The Giants will have some turnover, and a new defensive coordinator, but Tom Coughlin remains in charge, which should be a huge benefit. The same exact thing can be said of Philadelphia with Andy Reid. Atlanta and New Orleans are both very good teams who return the majority of their key players. Lastly there are Green Bay and Pittsburgh, the two Super Bowl teams. Both will return essentially the same teams, but will the post Super Bowl malady that I previously mentioned victimize them as it has those before them?
So, who comes in with a disadvantage? As I see it, mostly teams with new coaches or coordinators, new offensive or defensive schemes to learn, or new or rookie quarterbacks to break in. Also in my estimation other teams most likely to struggle will be those trying improve upon last or past seasons with young players involved.
The teams on this list would include Buffalo, Miami, Cleveland, Cincinnati, Tennessee, Jacksonville, Denver, Washington, Dallas, Carolina, Detroit, Minnesota, San Francisco, Seattle, St. Louis, and Arizona.
Then there are the teams who could go either way. They stepped up last season, but did so for the first time as they are presently constituted and it's difficult to say exactly how the loss of offseason workouts will affect them. On this list are Houston, Kansas City, Oakland, Tampa Bay, and Chicago.
That's a great deal to consider just to attempt to break down a schedule for possible degree of difficulty, but such is the result of a lockout that has all things NFL completely out of order. Having completed that, let's break down the Bills 2011 schedule.
By my estimation, the Bills have seven games against teams who should have an advantage due to continuity on their schedule. Those teams are New England and the Jets twice, Philadelphia, the Giants, and San Diego. I am going to make some Bills fans very angry here, but I do not see them winning any of those games. They'd be hard-pressed to beat any of those teams if there were no lockout, and the one team I think they might have a shot against, San Diego, they have to travel to the West Coast to play. We know what happens when the Bills travel west, and it usually isn't very pretty.
Buffalo also has seven games against teams who I am forecasting to struggle in 2011. There's Miami twice, Cincinnati, Washington, Dallas, Tennessee & Denver. These games are tough to call, not just because I see the Bills in a similar scenario to the opponents, but due to the fact that it's hard to say if teams will retain strengths of last year or if those will change.
I'm going to call for a split against Miami, a victory over Washington and Cincinnati. I predict a loss to Tennessee, mostly because of the Titans strength in the running game. Dallas is an away game, and the fact that they at least showed signs of life after Son-of Bum was dismissed in favor of Jason Garrett tips the scales to the Cowboys. Denver is a home game for the Bills, but it's a December game, which won't bother the Broncos any, and I have a strange feeling about them this season. I'm calling that a loss.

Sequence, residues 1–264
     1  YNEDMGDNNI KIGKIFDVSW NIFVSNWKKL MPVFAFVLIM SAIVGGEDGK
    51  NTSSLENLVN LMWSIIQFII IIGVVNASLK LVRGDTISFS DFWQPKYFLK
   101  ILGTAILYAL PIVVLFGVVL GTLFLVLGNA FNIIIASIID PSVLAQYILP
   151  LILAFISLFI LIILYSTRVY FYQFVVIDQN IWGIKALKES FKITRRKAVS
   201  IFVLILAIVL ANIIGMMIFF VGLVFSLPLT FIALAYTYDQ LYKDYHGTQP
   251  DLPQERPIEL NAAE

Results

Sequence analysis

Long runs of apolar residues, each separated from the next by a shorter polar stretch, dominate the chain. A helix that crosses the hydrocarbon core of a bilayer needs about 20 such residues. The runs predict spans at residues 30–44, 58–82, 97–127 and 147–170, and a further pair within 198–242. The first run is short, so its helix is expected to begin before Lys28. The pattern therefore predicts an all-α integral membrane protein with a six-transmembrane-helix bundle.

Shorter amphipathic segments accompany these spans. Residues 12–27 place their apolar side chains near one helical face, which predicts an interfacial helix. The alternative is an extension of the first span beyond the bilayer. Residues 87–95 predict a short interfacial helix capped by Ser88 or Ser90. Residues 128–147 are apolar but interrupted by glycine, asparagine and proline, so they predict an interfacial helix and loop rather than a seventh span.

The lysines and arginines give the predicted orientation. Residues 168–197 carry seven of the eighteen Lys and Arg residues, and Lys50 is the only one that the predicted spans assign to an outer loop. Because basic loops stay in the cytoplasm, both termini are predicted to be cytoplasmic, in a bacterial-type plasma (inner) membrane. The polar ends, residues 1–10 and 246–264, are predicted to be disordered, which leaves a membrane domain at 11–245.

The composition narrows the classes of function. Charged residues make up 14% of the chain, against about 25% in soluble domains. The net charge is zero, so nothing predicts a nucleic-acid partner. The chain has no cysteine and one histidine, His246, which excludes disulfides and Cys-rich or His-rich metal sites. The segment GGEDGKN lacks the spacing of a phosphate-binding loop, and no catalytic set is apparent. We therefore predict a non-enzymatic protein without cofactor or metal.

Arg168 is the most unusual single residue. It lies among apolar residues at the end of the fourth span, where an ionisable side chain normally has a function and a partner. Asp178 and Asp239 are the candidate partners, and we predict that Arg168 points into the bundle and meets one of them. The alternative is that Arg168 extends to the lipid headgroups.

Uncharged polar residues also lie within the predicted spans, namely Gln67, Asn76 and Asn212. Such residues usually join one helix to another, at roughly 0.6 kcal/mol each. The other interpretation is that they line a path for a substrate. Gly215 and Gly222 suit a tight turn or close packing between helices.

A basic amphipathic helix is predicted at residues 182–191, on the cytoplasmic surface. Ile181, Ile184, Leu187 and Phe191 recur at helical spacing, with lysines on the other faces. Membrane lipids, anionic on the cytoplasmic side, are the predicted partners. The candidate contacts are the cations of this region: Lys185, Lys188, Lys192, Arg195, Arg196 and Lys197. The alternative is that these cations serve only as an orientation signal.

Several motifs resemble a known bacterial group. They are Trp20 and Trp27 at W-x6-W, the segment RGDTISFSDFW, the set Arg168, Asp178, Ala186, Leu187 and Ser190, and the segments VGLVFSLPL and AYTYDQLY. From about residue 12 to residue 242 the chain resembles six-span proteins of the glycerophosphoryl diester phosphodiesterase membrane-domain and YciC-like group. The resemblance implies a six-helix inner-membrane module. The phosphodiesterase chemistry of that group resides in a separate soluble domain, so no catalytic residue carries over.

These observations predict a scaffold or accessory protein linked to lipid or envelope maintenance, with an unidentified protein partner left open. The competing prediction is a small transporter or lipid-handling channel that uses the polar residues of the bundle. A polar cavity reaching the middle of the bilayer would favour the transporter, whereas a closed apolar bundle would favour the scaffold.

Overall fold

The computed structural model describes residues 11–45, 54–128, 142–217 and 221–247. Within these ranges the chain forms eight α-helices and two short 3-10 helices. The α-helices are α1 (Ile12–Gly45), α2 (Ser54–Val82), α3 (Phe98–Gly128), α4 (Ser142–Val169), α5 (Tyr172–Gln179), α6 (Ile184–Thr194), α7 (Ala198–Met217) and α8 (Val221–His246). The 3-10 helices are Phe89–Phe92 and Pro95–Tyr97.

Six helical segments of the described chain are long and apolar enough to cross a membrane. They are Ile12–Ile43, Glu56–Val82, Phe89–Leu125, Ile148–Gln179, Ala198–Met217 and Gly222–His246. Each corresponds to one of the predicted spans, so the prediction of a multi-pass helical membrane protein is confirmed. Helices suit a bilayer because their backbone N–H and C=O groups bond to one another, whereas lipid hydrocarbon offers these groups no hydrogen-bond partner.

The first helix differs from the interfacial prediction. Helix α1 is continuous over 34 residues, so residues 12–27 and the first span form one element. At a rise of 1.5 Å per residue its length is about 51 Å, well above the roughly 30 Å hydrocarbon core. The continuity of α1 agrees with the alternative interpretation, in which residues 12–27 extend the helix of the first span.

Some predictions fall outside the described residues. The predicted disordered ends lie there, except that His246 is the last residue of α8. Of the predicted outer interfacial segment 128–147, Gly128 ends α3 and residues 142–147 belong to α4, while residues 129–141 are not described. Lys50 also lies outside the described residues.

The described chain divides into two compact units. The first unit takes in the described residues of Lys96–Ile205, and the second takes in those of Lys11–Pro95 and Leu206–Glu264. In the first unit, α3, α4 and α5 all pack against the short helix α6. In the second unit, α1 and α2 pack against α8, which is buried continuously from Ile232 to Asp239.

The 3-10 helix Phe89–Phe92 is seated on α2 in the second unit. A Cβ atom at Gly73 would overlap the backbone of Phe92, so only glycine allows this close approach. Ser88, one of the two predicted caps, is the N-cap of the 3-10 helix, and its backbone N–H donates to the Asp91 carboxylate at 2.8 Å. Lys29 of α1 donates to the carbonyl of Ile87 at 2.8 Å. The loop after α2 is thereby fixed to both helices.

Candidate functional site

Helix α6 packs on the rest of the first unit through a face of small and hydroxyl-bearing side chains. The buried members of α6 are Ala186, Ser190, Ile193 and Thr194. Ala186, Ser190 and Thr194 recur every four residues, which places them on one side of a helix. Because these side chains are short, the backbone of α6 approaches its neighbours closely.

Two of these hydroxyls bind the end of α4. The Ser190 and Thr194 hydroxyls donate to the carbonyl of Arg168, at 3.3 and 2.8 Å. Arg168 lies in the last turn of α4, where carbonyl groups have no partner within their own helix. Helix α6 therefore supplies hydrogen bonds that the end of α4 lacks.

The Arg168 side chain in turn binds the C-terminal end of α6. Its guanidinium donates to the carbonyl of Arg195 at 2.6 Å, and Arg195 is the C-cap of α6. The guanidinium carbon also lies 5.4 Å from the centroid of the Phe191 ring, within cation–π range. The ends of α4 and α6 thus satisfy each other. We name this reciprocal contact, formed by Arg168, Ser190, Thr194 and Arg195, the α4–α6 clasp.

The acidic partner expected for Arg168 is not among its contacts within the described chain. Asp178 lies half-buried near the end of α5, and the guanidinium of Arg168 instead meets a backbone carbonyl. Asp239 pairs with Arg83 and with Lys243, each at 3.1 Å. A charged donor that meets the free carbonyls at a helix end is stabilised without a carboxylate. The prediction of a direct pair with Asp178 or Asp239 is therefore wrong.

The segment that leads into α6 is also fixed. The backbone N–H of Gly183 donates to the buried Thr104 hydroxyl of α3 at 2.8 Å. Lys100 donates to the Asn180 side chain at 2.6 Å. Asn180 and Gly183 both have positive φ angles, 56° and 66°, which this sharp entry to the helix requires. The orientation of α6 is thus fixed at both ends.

Lastly, there are two games against teams who could go either way this season in Kansas City and Oakland. Both teams showed improvement last year, but I can't say with any certainty if they can continue that momentum, or if the lockout will have a detrimental effect on them. I'm not going to win any friends here, but unless both teams have the wheels completely fall off, I'm going to predict losses for the Bills, especially in the opener against Kansas City, which will be held in the hostile confines of Arrowhead Stadium, where the Chiefs enjoy one of the best home field advantages in the entire NFL.
So, after going through the Bills schedule, not only can I not come up with anything better than the Sporting News gave Buffalo, I'm going one worse with an early prediction of a 3-13 season. I'd like to be wrong. I hope I am wrong. but given what's already been lost in terms of coaching and teaching time for the Bills young roster, in facets of technique, schemes and timing, it's tough for me to envision improvement for the Bills in 2011.
Since I want to look at the glass as half full despite my current view, I'll opine that a season such as what I'm forecasting could at least give us a shot at Andrew Luck. I'm not saying that would make it more bearable, but at least there would be something to gain from it.
Now, I leave it to you, the readers. Is my logic fair or badly flawed? Did I badly overlook something, or was I thorough in my evaluations? Whatever you do, let me know, I'm interested in your opinions!